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Hope for the Best, But Be Prepared for the Worst

Hope for the Best, But Be Prepared for the Worst
(Dollar Photo Club)

Friday, 22 January 2016 06:51 AM Current | Bio | Archive

During the press conference that followed the ECB’s decision to leave its key interest rates unchanged, ECB President Mario Draghi gave interesting and specific “forward” guidance of what can be expected at the next ECB Governing Council rate decision meeting in March.

“As we start the new year, downside risks have increased again amid heightened uncertainty about emerging market economies’ growth prospects, volatility in financial and commodity markets, and geopolitical risks," he said.

"In this environment, euro area inflation dynamics also continue to be weaker than expected. It will therefore be necessary to review and possibly reconsider our monetary policy stance at our next meeting in early March, when the new staff macroeconomic projections become available which will also cover the year 2018 … we will confirm our determination to continue to comply with our mandate, which is to reach a level of inflation that is below but close to 2%, even – and actually even more so – in the face of adverse developments."

In simple words, the ECB will further extend its monetary easing undertaking in March with literally all it has at its disposal.

During Draghi’s press conference, the euro dipped immediately against the dollar in the lower $1.08 per euro zone.

Interestingly, Goldman Sachs revised already its euro forecast to 95 U.S. cents in the next 12 months. They see the euro to weaken to $1.04, $1 and 95 cents per euro in three, six and 12 months. Of course, if that were to occur, that wouldn’t displease Draghi at all, but we aren’t there yet…

Besides that he commented on China: “There have been at least three main developments in recent weeks in China," he said, citing:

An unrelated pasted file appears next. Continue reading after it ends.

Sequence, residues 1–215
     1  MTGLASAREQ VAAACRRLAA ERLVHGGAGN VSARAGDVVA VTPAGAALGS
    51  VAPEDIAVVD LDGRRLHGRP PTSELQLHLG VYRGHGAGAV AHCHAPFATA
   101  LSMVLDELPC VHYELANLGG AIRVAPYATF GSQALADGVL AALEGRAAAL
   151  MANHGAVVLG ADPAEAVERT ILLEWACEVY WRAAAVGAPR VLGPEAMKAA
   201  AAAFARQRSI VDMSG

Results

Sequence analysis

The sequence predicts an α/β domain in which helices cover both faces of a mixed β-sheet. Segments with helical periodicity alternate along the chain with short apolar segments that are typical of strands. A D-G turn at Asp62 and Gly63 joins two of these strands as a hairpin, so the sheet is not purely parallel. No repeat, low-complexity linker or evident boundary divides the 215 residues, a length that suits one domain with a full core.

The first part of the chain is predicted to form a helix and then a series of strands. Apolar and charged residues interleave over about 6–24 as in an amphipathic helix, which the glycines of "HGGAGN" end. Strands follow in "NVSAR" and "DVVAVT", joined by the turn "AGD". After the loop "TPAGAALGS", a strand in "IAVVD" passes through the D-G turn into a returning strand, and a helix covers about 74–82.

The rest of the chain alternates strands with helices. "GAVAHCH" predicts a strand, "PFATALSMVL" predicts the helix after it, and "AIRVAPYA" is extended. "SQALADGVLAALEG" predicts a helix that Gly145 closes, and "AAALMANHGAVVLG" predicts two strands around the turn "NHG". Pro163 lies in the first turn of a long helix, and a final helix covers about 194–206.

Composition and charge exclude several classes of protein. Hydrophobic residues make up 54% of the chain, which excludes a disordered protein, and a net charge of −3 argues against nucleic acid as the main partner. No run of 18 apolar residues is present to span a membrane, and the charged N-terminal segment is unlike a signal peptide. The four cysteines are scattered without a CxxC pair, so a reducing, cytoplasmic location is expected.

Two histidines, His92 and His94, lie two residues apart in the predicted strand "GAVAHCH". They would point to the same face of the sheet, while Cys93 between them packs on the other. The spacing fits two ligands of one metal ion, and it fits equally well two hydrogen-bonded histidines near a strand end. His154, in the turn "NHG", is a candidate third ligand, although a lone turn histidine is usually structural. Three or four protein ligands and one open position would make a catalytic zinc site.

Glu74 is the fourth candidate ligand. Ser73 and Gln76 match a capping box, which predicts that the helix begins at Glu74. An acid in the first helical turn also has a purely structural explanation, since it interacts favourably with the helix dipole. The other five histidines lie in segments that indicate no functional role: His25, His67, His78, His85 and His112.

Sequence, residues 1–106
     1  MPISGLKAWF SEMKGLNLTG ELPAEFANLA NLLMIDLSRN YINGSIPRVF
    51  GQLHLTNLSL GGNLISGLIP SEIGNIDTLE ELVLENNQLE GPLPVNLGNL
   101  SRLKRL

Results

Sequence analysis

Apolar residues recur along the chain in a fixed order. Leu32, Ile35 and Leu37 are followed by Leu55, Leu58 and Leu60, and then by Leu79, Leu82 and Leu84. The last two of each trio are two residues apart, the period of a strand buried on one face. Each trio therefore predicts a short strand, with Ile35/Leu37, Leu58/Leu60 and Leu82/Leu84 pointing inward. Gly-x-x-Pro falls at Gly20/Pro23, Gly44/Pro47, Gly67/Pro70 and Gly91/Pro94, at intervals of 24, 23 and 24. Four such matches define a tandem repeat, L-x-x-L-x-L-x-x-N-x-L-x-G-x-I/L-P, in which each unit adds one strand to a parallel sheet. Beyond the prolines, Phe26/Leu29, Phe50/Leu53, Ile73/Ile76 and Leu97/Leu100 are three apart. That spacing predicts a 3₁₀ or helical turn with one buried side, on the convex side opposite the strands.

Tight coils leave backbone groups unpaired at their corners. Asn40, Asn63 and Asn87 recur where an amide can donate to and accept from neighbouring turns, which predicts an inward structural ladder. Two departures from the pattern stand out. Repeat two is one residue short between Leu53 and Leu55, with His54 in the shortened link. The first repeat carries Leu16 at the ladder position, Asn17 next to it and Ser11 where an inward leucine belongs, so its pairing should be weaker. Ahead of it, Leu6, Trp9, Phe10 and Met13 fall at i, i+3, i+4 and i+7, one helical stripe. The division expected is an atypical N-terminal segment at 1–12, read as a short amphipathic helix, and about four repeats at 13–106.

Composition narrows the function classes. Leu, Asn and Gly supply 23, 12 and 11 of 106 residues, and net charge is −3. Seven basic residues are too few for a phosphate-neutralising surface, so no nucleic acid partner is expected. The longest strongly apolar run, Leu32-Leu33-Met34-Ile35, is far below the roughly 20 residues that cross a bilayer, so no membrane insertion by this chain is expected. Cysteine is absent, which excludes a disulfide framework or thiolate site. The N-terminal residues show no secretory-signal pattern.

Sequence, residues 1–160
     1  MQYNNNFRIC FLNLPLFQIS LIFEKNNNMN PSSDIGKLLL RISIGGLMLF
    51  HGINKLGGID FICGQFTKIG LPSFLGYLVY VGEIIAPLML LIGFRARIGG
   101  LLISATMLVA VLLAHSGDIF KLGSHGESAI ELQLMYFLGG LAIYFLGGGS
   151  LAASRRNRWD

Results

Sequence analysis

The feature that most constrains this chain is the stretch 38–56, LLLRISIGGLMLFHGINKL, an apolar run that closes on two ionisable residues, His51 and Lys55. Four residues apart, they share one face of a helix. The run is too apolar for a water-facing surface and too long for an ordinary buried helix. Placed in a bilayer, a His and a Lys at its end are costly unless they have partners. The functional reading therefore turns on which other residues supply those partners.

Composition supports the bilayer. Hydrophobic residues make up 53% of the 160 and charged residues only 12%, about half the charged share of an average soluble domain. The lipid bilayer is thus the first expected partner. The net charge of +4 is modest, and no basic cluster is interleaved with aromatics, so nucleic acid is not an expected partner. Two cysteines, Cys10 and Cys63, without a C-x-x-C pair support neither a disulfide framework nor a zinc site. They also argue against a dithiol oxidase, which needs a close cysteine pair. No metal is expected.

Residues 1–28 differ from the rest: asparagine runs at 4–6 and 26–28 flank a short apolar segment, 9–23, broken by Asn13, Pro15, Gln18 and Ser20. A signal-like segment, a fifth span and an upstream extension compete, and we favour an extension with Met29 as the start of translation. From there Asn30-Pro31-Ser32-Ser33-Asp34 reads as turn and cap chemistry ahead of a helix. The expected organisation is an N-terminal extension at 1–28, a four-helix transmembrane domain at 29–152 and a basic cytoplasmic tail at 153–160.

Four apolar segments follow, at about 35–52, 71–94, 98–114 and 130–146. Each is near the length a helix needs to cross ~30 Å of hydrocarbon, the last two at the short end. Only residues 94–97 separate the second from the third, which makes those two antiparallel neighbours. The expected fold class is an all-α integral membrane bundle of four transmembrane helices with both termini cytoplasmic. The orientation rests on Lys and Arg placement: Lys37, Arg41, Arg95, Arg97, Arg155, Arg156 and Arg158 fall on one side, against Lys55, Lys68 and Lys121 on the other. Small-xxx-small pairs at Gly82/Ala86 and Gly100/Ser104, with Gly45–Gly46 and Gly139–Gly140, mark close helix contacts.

• The first was a PMI which was weaker than expected;
  • the second was the overall situation in the forex market;
  • the third was the situation in the stock market.
  • All this generated sizeable capital outflows.
Draghi is right. Investors should lose confidence for much less than that and the problem is the worst has yet to come because the so-called re-balancing of the Chinese economy will first have to come to grip with the huge debt the country has accumulated since 2007.

Besides all that, today at the World Economic Forum in Davos Switzerland, Draghi made an interesting remark saying the Fed rate hike in December was “appropriate.”

Anyway, where we go from here with the Fed from remains still an open question as markets now expect only one, at best two, rate hikes this year.

I don’t think it’s not an overstatement to say investors are facing extremely confusing times where dangerous potholes are lurking beneath the surface on the road forwards.
In my opinion, one thing is for sure: Volatility spikes in the VIX that could reach the same levels at around the 80 points levels, as we have seen in 2008 are fully in the cards and in case we reach these levels, will cause real havoc in many markets all over the globe.

Hope for the best, but be prepared for the worst, that's all I can wish every investor.

Etienne "Hans" Parisis is a bank economist who has advised global billionaires and governments on the financial markets and international investments. To read more of his articles, GO HERE NOW.

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Hope for the best, but be prepared for the worst, that's all I can wish every investor.
investor, economy, stocks, ecb
Friday, 22 January 2016 06:51 AM
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